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Public defenders sue state to stop in-person criminal proceedings during COVID crisis

July 16, 2020 David Brand
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Six public defender organizations sued the state Tuesday to stop in-person criminal court proceedings amid the ongoing COVID-19 crisis.

The complaint, filed in Manhattan Federal Court, claims the state Office of Court Administration has violated the Americans with Disabilities Act by forcing defendants and attorneys with pre-existing medical conditions to visit courthouses for arraignments and case conferences.

It also says New York’s court system “rushed” the courthouse reopening plan after providing contradictory information to public defenders earlier this month.

The resumption of in-person proceedings amid the COVID-19 pandemic “will endanger the lives of thousands of New Yorkers by perpetuating the spread of this virus and burden the constitutional rights to access the courts and to due process of law,” the public defender groups write in their complaint.

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Until Monday, arraignments, case conferences and other Criminal Court proceedings were handled remotely, with defendants appearing by video conference since March.

The plaintiffs include the Legal Aid Society, Queens Defenders, Brooklyn Defender Services, The Bronx Defenders, Neighborhood Defender Service of Harlem and New York County Defender Service. The organizations, which represent low-income defendants in Criminal Court, say they have “at least hundreds of clients and staff members” with medical conditions that put them at increased risk from COVID-19.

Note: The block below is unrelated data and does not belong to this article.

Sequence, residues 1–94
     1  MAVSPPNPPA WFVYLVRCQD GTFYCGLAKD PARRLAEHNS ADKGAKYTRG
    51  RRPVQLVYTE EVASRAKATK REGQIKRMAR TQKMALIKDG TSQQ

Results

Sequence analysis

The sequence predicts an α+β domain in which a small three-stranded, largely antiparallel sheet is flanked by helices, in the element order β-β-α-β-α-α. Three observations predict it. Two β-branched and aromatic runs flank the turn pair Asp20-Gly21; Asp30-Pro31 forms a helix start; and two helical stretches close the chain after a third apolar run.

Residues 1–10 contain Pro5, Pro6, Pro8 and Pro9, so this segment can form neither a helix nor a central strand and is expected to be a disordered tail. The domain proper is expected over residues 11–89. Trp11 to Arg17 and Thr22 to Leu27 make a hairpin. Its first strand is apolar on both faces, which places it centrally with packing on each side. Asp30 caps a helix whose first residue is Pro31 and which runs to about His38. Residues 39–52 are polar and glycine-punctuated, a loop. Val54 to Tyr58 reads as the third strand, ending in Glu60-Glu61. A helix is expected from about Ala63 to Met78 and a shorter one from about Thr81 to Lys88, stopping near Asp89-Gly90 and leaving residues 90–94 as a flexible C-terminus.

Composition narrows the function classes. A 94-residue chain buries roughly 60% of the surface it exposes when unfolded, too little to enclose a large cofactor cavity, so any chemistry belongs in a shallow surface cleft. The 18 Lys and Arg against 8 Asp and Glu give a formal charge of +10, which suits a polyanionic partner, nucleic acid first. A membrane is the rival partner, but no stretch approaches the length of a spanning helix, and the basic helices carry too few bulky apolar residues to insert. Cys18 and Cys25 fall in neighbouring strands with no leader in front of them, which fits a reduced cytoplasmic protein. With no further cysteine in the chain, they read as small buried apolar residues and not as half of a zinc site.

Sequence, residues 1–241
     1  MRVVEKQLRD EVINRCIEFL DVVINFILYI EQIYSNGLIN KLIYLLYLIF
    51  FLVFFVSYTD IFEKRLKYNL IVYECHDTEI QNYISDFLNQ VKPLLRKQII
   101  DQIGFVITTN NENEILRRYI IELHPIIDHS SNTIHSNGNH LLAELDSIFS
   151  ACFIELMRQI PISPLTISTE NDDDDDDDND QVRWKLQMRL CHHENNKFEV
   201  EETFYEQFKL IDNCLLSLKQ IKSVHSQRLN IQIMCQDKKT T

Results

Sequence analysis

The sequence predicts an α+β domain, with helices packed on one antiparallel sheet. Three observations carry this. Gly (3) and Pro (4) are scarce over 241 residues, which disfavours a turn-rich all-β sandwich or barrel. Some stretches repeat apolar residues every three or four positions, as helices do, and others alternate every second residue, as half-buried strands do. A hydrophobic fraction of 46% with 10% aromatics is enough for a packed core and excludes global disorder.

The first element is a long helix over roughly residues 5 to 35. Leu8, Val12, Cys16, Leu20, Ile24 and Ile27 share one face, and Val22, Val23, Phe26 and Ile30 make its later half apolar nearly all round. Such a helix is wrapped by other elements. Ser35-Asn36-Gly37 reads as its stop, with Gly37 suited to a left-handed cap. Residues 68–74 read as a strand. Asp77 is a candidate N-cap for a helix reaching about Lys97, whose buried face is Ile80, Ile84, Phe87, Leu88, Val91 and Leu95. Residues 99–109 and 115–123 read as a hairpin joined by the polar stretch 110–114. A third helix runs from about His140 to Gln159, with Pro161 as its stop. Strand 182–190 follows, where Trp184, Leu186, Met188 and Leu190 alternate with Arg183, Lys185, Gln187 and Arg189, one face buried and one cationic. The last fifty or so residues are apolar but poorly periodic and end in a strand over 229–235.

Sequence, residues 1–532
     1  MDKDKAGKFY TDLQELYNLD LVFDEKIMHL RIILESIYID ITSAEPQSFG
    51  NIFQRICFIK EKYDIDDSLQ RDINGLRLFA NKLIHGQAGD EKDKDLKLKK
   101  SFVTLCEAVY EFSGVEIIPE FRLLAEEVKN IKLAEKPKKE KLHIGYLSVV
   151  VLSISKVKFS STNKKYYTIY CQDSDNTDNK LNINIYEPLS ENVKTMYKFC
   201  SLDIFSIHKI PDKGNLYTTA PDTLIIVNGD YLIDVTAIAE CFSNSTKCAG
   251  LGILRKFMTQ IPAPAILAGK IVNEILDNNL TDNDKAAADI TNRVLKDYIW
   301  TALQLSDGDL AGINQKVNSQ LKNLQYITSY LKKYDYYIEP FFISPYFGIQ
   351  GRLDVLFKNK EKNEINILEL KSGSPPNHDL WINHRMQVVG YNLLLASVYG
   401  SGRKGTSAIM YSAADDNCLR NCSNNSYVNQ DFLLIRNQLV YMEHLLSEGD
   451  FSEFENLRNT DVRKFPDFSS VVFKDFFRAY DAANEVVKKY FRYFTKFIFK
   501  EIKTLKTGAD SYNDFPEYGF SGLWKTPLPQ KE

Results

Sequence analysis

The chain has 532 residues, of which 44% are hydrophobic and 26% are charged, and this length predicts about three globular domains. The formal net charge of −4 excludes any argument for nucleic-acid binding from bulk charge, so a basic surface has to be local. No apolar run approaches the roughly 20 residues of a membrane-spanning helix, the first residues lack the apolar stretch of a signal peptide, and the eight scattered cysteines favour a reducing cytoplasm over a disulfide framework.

These clients, the majority of whom are people of color, “face the tragic and illegal choice between their fundamental right to participate in their own cases and their health and safety,” the lawsuit states.

The public defender groups first threatened to sue the state court system over the reopening plan in a letter on Sunday first reported on by the Eagle.

OCA did not immediately respond to an email Tuesday after the lawsuit was filed.

On Monday, OCA spokesperson Lucian Chalfen said the court system has gradually resumed in-person operations and public defender organizations have already agreed to some appearances.

“As we begin our entirely legal plan for a slow return to normalized operations, with a focus on personal health and safety, we are calendaring approximately 10 in-person cases a day in each court,” Chalfen said. “The defender organizations had already agreed to, and we have already held, in-person appearances for some of their clients.

“Now they want the court system to regress offering no solutions only demands,” he added.

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